You bet it can, and your boss isn’t the only one who can create trouble for you. To see what other kinds of trouble you can get into, and how to avoid it, check out this oldie but goodie (but just recently posted to SSRN), Ethical Legal Writing, from UT law professor Wayne Schiess of Legalwriting.net and its blog. The abstract: “This article describes real cases in which lawyers got into trouble for poor legal writing: court sanctions, fines, bar discipline, civil liability, and public humiliation. It offers advice for avoid [sic] those fates.”
Is your office a little messy? You don’t want to risk being unable to find your copy of “The Bluebook” (The Bluebook: A Uniform System of Citation) just as you’re finalizing citations for that brief that has to go out the door. You’re a lot less likely to misplace your computer, so perhaps an on-line Bluebook is more reliably available to you.
The Harvard Law Review is happy to oblige. It just announced an on-line version of this essential publication, available via subscription at what appear to be reasonable prices, including multi-year discounts.
Wayne Schiess’s legal-writing blog begins a post about summarizing your points with a very absolutist sentence: “Every legal document should begin with a summary of some kind.” Hear, hear!
He gives you pointers for doing so, with before-and-after examples illustrating how to present important information early, leave tedious details for later, and avoid abstraction. And since the title of the post includes “part 1,” you’ll want to follow his blog for the follow-up posts.
In a four-post series titled “Topic and transition sentences in case explanations,” (part 1 here, with the remaining three immediately following), Wayne Schiess’s legal-writing blog gives a great exposition of how to transform rote sequential introduction of cases into a flowing narrative that uses each case to further develop your argument.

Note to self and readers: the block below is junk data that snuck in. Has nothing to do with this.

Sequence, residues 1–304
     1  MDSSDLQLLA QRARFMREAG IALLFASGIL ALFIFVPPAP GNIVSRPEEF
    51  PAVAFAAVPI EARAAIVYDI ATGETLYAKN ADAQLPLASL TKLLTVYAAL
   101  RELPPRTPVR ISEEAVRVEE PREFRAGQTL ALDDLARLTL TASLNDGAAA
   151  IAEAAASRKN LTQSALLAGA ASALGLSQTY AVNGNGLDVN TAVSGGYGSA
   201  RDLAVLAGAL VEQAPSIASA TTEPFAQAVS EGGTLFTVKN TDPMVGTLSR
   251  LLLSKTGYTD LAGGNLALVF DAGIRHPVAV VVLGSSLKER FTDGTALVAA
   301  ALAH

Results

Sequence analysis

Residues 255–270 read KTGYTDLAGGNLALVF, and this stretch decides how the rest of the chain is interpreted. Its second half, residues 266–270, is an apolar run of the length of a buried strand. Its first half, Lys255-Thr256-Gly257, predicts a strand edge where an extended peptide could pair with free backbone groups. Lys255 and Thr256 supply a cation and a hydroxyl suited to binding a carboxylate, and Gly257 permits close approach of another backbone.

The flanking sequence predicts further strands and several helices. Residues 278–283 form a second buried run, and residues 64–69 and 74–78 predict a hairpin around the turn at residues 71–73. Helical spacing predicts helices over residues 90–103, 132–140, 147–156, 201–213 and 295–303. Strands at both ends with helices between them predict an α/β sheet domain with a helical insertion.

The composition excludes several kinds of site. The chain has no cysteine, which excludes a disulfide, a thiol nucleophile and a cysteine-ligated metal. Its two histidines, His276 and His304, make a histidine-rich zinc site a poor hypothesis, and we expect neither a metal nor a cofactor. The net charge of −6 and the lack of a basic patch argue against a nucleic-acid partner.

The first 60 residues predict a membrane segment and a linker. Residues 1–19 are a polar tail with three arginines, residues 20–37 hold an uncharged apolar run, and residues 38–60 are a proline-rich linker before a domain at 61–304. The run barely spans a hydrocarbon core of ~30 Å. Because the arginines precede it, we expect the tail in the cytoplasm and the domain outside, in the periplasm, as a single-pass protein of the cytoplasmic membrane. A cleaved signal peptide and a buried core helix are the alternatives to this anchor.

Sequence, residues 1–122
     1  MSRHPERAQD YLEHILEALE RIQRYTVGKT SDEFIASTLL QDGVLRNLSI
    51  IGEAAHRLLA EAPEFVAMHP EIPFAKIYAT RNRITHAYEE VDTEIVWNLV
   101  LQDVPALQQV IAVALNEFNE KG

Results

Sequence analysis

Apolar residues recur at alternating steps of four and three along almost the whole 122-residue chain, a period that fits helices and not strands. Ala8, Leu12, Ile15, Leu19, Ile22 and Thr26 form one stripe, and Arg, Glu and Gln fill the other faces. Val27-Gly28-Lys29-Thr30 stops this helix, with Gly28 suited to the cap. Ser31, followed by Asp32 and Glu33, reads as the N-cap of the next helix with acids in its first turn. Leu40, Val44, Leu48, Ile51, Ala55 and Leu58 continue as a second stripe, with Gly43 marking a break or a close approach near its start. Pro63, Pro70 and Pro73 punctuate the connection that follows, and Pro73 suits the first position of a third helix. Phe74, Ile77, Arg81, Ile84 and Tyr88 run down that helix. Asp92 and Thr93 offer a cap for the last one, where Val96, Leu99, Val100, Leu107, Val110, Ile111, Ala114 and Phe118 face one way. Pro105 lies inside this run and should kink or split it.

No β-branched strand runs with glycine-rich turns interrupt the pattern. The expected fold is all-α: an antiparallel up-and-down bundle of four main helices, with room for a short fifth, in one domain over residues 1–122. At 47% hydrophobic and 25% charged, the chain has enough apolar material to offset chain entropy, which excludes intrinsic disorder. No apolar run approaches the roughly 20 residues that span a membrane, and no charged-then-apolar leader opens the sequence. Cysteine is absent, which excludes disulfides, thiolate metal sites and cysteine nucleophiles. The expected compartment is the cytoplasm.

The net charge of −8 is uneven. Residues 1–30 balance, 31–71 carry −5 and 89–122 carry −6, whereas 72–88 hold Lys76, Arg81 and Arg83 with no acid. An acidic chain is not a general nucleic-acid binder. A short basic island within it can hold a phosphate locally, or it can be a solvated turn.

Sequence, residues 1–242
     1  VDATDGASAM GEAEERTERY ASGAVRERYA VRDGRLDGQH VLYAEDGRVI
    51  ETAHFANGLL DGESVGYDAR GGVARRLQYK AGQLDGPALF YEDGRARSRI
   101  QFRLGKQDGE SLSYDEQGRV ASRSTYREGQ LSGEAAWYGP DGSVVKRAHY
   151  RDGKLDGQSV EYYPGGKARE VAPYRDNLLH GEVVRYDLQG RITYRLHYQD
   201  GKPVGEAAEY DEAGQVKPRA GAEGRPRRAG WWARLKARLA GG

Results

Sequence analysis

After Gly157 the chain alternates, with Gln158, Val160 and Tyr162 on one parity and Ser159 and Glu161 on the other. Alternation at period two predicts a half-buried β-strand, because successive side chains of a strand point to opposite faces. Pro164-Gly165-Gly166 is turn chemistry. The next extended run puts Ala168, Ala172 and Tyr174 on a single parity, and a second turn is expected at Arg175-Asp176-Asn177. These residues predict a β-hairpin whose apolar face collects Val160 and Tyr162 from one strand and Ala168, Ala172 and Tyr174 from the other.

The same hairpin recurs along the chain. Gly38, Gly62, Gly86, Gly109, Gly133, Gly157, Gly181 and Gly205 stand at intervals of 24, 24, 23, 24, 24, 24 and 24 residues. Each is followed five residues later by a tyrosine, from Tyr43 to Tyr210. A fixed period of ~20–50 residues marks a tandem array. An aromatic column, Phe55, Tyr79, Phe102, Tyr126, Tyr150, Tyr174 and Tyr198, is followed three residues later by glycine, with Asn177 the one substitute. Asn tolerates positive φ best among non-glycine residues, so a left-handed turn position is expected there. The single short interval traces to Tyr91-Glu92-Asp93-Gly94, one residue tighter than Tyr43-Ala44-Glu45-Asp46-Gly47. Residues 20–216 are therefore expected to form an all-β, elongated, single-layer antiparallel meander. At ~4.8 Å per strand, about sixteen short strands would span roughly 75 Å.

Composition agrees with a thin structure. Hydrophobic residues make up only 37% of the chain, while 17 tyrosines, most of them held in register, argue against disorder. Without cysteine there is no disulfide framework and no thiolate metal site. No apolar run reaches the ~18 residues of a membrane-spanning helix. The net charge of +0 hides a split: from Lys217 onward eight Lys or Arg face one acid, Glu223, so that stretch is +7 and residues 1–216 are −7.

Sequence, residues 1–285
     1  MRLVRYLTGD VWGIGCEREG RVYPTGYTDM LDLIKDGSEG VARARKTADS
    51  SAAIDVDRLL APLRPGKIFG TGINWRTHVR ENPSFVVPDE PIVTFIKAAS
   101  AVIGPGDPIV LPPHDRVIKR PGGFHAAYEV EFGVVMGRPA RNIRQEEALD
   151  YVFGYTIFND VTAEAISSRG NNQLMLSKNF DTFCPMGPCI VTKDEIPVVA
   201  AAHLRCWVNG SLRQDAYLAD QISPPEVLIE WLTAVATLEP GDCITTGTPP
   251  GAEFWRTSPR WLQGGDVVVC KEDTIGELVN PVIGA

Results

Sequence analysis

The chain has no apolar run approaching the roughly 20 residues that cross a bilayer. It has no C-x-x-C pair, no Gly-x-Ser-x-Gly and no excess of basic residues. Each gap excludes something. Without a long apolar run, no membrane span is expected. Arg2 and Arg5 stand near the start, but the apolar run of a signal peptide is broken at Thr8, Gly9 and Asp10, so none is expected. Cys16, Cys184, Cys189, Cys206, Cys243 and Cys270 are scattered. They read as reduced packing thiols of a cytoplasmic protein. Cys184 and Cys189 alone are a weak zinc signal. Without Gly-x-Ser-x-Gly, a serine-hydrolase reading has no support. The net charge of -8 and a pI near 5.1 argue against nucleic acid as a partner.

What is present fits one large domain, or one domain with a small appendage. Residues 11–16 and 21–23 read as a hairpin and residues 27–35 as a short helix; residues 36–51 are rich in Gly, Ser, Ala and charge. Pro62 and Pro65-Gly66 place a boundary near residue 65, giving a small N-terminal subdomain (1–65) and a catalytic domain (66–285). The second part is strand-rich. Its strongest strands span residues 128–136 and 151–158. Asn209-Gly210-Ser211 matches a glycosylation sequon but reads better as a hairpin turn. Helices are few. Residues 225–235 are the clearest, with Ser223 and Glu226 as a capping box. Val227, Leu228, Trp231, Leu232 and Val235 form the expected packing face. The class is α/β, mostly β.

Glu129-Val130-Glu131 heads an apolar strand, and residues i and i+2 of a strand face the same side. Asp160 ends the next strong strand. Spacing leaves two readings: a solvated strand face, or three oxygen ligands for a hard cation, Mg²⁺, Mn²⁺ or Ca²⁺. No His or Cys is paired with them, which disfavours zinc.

The Blog of Legal Times has a good summary of the discussion of stare decisis in Tuesday’s U. S. Supreme Court opinions in John R. Sand & Gravel Co. v. United States, case no. 06-1164 (Jan. 8, 2008), including what it sees as an unusual alignment of the justices.
The catalyst for the discussion was whether a series of SCOTUS precedents dating back to the 1880s was effectively overruled by a 1990 SCOTUS decision. The competing opinions in John R. Sand & Gravel disagree on the impact of the 1990 decision, with the majority concluding that it did not overrule the earlier cases.
I remember my legal writing professor emphasizing the importance of citing recent precedent. But sometimes, the only case you have directly on point is quite old. I’m pretty sure I have cited cases from the 1800s. John R. Sand & Gravel proves that old — very old — cases can serve as effective precedent.
If you’re a fan of legal writing and/or legal blogs, you’ve probably read this elsewhere already. But I’m still playing catchup from the holidays and thought some of you might be, too, so here goes.
Jeff Skilling filed his reply brief in his Fifth Circuit appeal of his convictions. You might remember earlier posts about the extraordinary length of his opening brief here and here, the former of which also has a round-up of commentary on its substance.
According to White Collar Crime Prof Blog, the 161-page reply is the shortest brief filed in the case yet. The blog follows up with some commentary on the substance of the brief here, including an observation that the transition from the statement of facts to the first argument is “a masterpiece in the art of skillful brief writing.”
If you’re curious about how Justice Anthony Kennedy feels about reading briefs, check out this post at Legal Writing Prof Blog.
For an incomprehenible document title that will make you laugh, check this post at the (new) legal writer. It’s funny, but it also refers to a real-life problem.
Footnotes. Some people love ’em, and some people hate ’em.